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Surgeries in Hospital-Owned Outpatient Facilities, 2012
STATISTICAL BRIEF #188


February 2015


Surgeries in Hospital-Owned Outpatient Facilities, 2012


Lauren M. Wier, M.P.H., Claudia A. Steiner, M.D., M.P.H., and Pamela L. Owens, Ph.D.



Introduction

From 1992 to 2012, the total number of surgeries at community hospitals in the United States increased by 17 percent to about 26.8 million surgeries. Outpatient surgeries represented a growing share (65 percent; 17.3 million) of all surgeries at community hospitals in the United States in 2012, up from 54 percent (12.3 million) in 1992.1

Ambulatory surgery (AS), or outpatient surgery, is a planned operation for which the patient is not expected to be admitted to the hospital. Comparison of ambulatory surgery with inpatient surgery is essential for understanding utilization patterns for specific surgical procedures.

This Healthcare Cost and Utilization Project (HCUP) Statistical Brief compares surgeries performed at hospital-owned facilities in the ambulatory (outpatient) versus inpatient setting in 28 States that provide data for both types of settings. These 28 States represent about two-thirds of the U.S. population. Procedures performed in freestanding (nonhospital-owned) AS centers were not included because many State AS data sources do not include these types of centers.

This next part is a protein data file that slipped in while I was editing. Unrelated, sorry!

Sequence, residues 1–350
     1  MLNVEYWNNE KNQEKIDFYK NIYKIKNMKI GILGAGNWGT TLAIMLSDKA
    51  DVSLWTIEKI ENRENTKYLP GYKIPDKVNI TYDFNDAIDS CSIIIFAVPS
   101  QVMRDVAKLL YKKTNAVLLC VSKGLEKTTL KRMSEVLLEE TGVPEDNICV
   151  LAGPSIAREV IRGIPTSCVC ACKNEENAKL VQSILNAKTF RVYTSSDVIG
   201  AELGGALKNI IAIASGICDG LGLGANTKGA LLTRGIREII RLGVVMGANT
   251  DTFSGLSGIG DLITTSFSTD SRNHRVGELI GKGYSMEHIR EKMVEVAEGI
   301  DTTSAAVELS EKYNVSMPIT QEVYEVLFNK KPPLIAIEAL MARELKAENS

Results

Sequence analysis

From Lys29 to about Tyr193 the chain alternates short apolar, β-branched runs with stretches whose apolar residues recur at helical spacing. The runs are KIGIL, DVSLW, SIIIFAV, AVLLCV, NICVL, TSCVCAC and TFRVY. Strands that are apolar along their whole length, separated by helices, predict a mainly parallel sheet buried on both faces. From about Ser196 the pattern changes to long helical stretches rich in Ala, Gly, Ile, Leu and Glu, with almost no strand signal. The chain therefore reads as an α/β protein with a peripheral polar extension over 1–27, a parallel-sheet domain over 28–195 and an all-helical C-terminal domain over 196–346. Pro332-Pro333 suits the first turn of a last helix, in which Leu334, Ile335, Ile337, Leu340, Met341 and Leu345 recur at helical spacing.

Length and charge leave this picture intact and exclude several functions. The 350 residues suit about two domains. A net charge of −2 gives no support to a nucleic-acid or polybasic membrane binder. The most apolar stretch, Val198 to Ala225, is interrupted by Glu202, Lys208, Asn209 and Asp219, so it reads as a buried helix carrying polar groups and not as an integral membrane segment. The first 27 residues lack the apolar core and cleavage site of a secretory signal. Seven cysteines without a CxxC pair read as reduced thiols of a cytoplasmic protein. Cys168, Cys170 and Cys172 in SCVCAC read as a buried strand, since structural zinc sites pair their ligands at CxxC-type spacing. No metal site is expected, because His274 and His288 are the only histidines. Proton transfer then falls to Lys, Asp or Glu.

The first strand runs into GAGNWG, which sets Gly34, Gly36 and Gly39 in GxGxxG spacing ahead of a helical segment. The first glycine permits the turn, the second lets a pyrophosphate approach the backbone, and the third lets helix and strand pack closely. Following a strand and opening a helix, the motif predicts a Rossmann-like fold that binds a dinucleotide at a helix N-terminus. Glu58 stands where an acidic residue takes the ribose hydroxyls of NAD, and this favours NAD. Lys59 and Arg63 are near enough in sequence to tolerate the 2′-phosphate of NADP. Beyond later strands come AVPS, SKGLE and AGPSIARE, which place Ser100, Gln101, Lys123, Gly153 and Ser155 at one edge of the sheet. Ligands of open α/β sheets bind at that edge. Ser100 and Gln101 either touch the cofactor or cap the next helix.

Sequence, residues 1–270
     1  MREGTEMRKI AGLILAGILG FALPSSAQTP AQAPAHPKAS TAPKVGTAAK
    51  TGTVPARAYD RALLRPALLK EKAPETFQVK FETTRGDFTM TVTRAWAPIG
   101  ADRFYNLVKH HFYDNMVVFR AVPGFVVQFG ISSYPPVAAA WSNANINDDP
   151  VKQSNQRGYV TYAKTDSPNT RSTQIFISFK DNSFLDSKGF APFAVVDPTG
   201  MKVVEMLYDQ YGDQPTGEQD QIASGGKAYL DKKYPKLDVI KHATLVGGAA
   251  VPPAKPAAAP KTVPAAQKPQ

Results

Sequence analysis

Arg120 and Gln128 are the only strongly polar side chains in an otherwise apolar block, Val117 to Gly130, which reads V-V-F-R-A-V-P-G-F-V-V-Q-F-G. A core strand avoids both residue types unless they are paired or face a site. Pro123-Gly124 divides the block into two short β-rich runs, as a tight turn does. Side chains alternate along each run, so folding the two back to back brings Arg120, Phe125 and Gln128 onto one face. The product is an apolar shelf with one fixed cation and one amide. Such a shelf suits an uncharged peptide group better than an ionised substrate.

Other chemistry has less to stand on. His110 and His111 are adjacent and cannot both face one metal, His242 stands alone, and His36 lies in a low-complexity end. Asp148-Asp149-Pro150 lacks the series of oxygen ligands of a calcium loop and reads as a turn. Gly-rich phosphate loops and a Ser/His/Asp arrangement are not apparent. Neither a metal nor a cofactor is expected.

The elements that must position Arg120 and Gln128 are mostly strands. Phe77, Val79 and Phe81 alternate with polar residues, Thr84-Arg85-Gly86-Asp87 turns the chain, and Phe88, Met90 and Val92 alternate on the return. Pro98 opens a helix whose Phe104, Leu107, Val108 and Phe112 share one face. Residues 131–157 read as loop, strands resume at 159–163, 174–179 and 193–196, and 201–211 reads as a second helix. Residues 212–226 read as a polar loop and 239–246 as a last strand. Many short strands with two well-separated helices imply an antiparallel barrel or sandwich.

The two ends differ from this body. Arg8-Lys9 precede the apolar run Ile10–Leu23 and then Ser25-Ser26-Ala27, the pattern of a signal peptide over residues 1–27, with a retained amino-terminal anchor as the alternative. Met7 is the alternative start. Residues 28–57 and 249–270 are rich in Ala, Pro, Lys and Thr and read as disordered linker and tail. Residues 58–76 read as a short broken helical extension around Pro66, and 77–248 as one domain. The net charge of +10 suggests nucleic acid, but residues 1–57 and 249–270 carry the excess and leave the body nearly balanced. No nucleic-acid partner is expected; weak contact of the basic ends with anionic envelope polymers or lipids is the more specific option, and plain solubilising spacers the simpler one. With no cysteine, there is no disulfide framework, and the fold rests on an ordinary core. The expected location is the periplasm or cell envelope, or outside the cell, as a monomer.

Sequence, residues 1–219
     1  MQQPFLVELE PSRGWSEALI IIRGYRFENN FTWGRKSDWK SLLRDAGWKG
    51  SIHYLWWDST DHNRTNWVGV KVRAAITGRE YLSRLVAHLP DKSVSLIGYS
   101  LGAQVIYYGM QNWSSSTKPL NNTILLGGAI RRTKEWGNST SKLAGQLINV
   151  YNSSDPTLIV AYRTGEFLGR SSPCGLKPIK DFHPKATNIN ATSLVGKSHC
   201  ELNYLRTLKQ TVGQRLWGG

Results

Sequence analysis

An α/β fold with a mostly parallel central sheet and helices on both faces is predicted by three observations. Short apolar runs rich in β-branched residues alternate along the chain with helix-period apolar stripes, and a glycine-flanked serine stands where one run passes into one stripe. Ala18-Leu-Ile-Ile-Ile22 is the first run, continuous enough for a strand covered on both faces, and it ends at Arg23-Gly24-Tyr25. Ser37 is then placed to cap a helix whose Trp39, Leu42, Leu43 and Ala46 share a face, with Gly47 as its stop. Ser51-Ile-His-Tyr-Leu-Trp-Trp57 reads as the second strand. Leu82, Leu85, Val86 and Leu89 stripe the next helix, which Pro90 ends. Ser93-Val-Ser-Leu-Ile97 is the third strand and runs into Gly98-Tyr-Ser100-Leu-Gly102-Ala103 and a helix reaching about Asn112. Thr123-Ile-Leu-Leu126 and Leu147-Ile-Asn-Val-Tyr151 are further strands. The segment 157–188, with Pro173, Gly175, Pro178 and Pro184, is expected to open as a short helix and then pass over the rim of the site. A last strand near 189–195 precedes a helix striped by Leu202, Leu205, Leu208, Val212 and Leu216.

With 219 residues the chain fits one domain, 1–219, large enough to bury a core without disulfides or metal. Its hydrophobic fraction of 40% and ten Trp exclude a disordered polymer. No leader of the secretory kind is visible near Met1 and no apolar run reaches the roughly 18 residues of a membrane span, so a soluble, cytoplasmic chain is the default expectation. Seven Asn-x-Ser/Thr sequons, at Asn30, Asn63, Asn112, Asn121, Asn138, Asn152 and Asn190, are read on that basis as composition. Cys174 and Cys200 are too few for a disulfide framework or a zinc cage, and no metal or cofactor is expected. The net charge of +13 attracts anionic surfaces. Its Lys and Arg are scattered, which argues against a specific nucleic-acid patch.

The analysis was limited to visits for adults aged 18 years and older who had an invasive surgery commonly performed for therapeutic purposes (i.e., to treat disease or injury); excluded were noninvasive surgeries and surgeries typically used for diagnostic or exploratory purposes (e.g., colonoscopy). The HCUP Surgery Flag software2 was used to identify invasive, therapeutic surgeries based on a narrow, targeted, and restrictive definition that includes surgical procedures that involve incision, excision, manipulation, or suturing of tissue that penetrates or breaks the skin; typically require use of an operating room; and also require regional anesthesia, general anesthesia, or sedation to control pain.

This report presents the distribution of outpatient surgery compared with inpatient surgical procedures by body system, as well as the most common surgical procedures performed in an outpatient setting. In addition, ambulatory and inpatient volume and procedure rates are compared for each procedure. Unless otherwise noted, volumes and rates are based on all-listed procedure codes.
Highlights
  • In 2012 across 28 states, 14.4 million hospital visits involved invasive, therapeutic surgeries. Just over half of these visits (53.1 percent) were performed in a hospital-owned ambulatory surgery (AS) setting, and the remaining (46.9 percent) were inpatient.